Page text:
Republicans Have An Off-Ramp — They Need To Take It

The attack on Congress last week, and other extremist disruptions which may come in the days ahead, are being driven by the belief that an American election was stolen, and that proud “patriots” need to rise up to defend our democracy from those trying to dishonor it.

The election wasn’t stolen of course, and thus this entire radicalized pro-Trump extremist movement has been built on a lie. To stop the violence, restore order, and allow the next President and Congress — and state governments — to get on with their important business — Republican leaders across the country simply must tell their supporters that the election was legitimate and to stand down, go home, and help bring an end to the ongoing insurrection. …


In 2007 Pete Leyden and I wrote a long form magazine piece called the “50 Year Strategy” which made the case that two new, large and growing demographic groups — Millennials and Hispanics — had the potential to give Democrats a significant political advantage for many years to come. We wrote that piece because in the 2006 midterms, these two groups, starting to get to a significant size in the electorate, swung dramatically towards the Democrats. …


Time to sound the alarm on all the president’s cheating

President Donald Trump speaks to supporters at a campaign rally at Arnold Palmer Regional Airport on September 3, 2020.
President Donald Trump speaks to supporters at a campaign rally at Arnold Palmer Regional Airport on September 3, 2020.
Photo: Jeff Swensen/Stringer/Getty Images

Cash-strapped and facing lagging polling numbers, President Trump is cheating — knowingly breaking the norms, rules, and laws of our political system — to remain in power. It’s not as if we shouldn’t have seen this coming: When the Senate failed to remove Trump for threatening to withhold federal aid from Ukraine unless it investigated Joe Biden and its — not Russia’s — role in the 2016 election, many warned he would read it as a green light to cheat even more aggressively in the election this year. Sure enough, here we are.

The scale of Trump’s cheating is breathtaking: using government resources for his reelection, including partisan attacks on Biden at official, taxpayer-funded events; appropriating the White House itself for partisan activity; launching a clearly illegal $250 million media campaign by Health and Human Services right before the election; sabotaging the U.S. Postal Service; wrecking the census; undermining the legitimacy of the electoral process itself; creating political space for Russia to once again intervene in U.S. politics on his behalf; brazenly manipulating media and using other disinformation tactics; employing deceitful campaign accounting to hide suspicious activity; coordinating with the absurd Kanye West campaign; and too many of Bill Barr’s activities to fit into one column. There is also the Senator Ron Johnson–led probe into a debunked conspiracy theory about Joe Biden and Ukraine — a project that reeks of partisanship and which U.S. intelligence has warned will only help Russia’s own disinformation campaigns. …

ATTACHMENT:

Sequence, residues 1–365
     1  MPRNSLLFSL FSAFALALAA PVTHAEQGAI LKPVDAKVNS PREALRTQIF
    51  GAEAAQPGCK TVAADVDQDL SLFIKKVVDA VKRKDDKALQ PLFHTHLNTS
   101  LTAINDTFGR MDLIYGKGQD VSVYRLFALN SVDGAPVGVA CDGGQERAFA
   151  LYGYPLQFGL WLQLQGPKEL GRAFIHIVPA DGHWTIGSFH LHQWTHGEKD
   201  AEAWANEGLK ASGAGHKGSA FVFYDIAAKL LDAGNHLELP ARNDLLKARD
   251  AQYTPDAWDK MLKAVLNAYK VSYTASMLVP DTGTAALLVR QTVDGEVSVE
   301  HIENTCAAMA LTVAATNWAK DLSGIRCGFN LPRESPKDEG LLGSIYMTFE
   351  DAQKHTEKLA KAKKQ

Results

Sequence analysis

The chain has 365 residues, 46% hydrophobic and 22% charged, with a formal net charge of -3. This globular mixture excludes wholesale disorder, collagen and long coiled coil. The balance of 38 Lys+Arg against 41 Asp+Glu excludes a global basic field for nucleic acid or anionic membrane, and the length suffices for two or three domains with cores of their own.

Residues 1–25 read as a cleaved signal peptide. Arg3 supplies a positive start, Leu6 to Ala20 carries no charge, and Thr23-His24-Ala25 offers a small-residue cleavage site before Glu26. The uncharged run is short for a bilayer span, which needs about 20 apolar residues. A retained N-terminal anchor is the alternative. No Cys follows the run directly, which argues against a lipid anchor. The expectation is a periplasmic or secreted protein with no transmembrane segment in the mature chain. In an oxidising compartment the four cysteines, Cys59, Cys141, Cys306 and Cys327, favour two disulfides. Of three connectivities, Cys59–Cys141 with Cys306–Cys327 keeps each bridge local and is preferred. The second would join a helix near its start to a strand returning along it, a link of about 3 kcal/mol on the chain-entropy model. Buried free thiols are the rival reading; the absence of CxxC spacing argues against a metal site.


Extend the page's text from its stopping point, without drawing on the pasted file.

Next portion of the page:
Someday, soon, America will have to look at and make sense of Russia’s years of attacks on our interests, its penetration of our political system, its brazen manipulation of our President. It will be a very ugly but necessary process. It is possible that news of Russia waging a successful campaign of assassination of US and UK troops in Afghanistan will be the impetus for a thorough public accounting of Putin’s slow burn insurgency against the US and the West — and it should.

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The Jan 2017 Intelligence Community report on Russia’s intervention in the 2016 election starts this way: “Russian efforts to influence the 2016 US presidential election represent the most recent expression of Moscow’s longstanding desire to undermine the US-led liberal democratic order, but these activities demonstrated a significant escalation in directness, level of activity, and scope of effort compared to previous operations.” …


Over the next few weeks school will end for most American students of whatever age, from college to pre-Kindergarten. With camps, recreational centers, community pools and sports teams unlikely to be at full strength this summer or operating at all, summer jobs non-existent, parties and social gatherings scaled way back, what exactly are all these kids going to do this summer?

This is more than just about the opportunity costs of young people not having enriching experiences, socialization, education, jobs and physical activity. If kids are home it is harder for parents to go back to work. If kids have nothing to do, some are assuredly not going to use all this free time wisely. Given how many young people we are talking about — at least 75 million or so — this is no small matter, and it is coming upon us very quickly. …